For us change communicators it highlights the importance of working hard to reach the tipping point whereby it becomes acceptable among the community to engage with and hopefully embrace the change.    We don’t need to convince every single stakeholder to ‘buy in’.  We just need to convince the first follower and others to do so, knowing that the crowd will follow.    Of course, we want to take everyone along with us and we’ll try our best to engage at an individual level, but the lesson here is that it only takes a few colleagues to take those brave few steps.   Reaching the tipping point on the change curve is our goal, when the organisation shifts from resistance to exploration, but by highlighting quick wins and supporting the first followers, we comms people can help get people on their feet.

First followers are just as important in creative environments.   Someone comes up with an idea that everyone else instinctively thinks is impossible, impractical or just plain crazy.  But what if one person stands up and backs it, and then another?  Where’s the tipping point?   Putting forward ideas and challenging the way things are takes courage, but so too does saying “I agree” or “good idea”.   It’s far easier to be negative than positive, we all know that, so first followers are vital to nurture ideas with potential.   Personally, I think the You Tube video acts a good analogy for the acceptance of creativity at work, or even creativity in internal comms.   Those of us who believe strongly about it are the mad dancers waving our arms around on the sidelines.  But it only takes a few brave first followers and then you watch the crowd run.   I don’t care, as long as we’re all up dancing.

The Change Communications Hierarchy of Needs

In 1943, Abraham Maslow famously introduced us to his ‘hierarchy of needs’ – a psychological pyramid of human motivation starting with basic physiological needs at the bottom (breathing, food water etc) through to safety, belonging, esteem and finally self-actualization a the very top.   The hierarchy has become one of the best known and most referenced psychological theories regarding human motivation and change.   So, inspired by Maslow, I’ve put together my own version of the ‘hierarchy of needs’ in the context of change communications.  In many ways, this is just a different take on the change curve, but here I’ve tried to map out the communication needs of workers facing organisational change.  The key point here is the importance of understanding what people go through during change and why their communications needs reflect their own psychological motivations.   So here we go …

Let’s start at the bottom, with what we should call security.    A natural human reaction to any change, or threat, is made in the gut via the oldest and most primal part of the brain.   Actually, it’s the amygdalas to be precise (see my recent post on this).   The instinctive question is ‘what does this mean to me?’ and almost certainly the psychological response will be to perceive the change as a threat.  The first priority then for our audience is to evaluate the extent to which the change will impact their security – will I still have a job, will I earn less money, will I still be able to support my family, will I lose what I value?    From the comms perspective, any other message is likely to fall on deaf ears, or its value will be muted.    But it’s unlikely that we’ll be able to satisfy these needs immediately – especially if the change has a negative people impact – so our focus will be to establish the basics around why the change is happening, what the future looks like and how we intend to get there so that people can internalise and interpret accordingly.   Support, clarity, dialogue, listening, reassurance, empathy and patience is the name of the game here.  Only when our people have this need satisfied, or at least acknowledged, will they be ready to move on.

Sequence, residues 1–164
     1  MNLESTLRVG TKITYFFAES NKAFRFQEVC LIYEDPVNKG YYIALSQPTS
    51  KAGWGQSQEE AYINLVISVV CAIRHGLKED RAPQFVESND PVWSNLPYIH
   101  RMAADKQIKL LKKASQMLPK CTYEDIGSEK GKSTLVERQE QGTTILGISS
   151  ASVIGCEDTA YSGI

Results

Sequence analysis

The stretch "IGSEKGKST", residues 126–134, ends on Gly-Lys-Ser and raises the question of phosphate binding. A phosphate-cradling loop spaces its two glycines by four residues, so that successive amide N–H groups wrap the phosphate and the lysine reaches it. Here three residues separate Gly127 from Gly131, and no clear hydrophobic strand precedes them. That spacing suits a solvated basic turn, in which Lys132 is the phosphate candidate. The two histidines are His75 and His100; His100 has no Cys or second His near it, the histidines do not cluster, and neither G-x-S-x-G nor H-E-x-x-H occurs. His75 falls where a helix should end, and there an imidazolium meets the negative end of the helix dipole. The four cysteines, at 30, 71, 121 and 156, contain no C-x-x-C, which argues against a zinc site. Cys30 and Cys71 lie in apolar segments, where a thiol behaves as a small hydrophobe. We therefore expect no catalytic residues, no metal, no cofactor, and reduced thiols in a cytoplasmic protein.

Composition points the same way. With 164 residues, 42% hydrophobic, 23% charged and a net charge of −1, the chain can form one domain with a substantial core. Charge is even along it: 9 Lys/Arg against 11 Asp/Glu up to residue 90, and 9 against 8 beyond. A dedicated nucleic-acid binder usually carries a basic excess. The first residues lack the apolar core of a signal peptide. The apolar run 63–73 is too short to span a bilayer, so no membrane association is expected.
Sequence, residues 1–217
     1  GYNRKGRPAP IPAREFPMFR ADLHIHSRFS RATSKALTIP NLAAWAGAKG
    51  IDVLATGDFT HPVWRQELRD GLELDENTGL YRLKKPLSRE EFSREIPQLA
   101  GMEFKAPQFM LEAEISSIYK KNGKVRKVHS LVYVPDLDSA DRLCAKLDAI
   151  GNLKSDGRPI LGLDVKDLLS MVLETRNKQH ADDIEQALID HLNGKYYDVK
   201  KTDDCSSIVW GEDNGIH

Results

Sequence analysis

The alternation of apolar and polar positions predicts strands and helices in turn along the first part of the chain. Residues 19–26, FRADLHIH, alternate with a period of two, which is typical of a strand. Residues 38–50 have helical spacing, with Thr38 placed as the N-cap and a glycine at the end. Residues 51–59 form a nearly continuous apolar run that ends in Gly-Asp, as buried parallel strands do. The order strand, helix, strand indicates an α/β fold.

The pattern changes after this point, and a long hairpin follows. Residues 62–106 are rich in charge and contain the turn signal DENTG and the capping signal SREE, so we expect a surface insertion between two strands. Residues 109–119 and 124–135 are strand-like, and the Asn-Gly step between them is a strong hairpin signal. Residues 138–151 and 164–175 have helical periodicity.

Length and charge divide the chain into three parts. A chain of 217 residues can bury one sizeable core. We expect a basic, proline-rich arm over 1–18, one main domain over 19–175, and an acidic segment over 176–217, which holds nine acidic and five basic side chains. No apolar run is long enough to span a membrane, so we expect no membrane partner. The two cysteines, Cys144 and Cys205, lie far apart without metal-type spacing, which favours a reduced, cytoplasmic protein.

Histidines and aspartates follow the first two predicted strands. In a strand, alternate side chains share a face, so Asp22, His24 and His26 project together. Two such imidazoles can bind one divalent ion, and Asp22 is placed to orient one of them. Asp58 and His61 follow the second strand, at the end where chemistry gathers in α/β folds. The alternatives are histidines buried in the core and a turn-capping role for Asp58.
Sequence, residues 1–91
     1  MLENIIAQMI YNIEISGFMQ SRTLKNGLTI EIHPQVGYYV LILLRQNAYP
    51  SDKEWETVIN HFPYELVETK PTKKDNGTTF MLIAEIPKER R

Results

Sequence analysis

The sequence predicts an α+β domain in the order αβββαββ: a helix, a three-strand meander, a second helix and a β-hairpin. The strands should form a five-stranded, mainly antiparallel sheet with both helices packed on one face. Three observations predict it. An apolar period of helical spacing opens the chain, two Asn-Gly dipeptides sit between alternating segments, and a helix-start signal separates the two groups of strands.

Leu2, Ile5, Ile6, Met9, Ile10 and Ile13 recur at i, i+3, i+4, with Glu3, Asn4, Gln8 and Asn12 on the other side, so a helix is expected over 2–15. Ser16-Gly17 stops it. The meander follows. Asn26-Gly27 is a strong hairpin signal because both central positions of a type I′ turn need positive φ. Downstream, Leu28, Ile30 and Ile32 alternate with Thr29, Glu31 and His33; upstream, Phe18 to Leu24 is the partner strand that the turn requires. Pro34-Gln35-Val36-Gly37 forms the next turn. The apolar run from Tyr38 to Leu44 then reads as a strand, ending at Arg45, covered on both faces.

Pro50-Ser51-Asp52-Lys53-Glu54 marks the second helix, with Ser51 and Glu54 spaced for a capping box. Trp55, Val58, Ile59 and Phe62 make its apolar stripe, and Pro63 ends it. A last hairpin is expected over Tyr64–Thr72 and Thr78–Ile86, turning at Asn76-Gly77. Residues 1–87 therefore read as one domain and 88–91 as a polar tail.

The next question is ‘OK, so even if I don’t lose my job, will my role change – will I have to do something different?’.   This will spark a whole range of exploratory questions to ascertain the level of threat and the likely impact of personal change.  The key focus here for the individual is to find out exactly what will be different so he/she can come to a conclusion about what it means to them.   Of course, some people may welcome the opportunity for change because they may not be happy in their current role or may seek change or advancement.   Some people may even want to leave the organisation entirely  (although they will only do so if they can satisfy their need for security, like a big fat redundancy cheque!).   The comms need now moves to picture-painting, answering questions, conversations, timescales.  There will be frustration if needs aren’t met, so expect that and plan for it.

The needs then become more nuanced.   I think identity will come next.   So having satisfied the first two needs around security and role, the next big question will be ‘where do I fit?’.   This means understanding more about what the organisation will look like in the future – what team and department will I be part of?   Status will play a part here too.   Will I come out of this change in a better position, with a clearer sense of purpose, with good colleagues around me?   How will I contribute to the organisation?   Here is when we need to  ramp up the engagement.   People will begin to feel part of the future so they’ll be seeking answers around ‘what it will be like’ and what the wider organisation will look like.   It’s probably only at this stage that they’ll start showing true engagement around the big picture as they contemplate their position within it.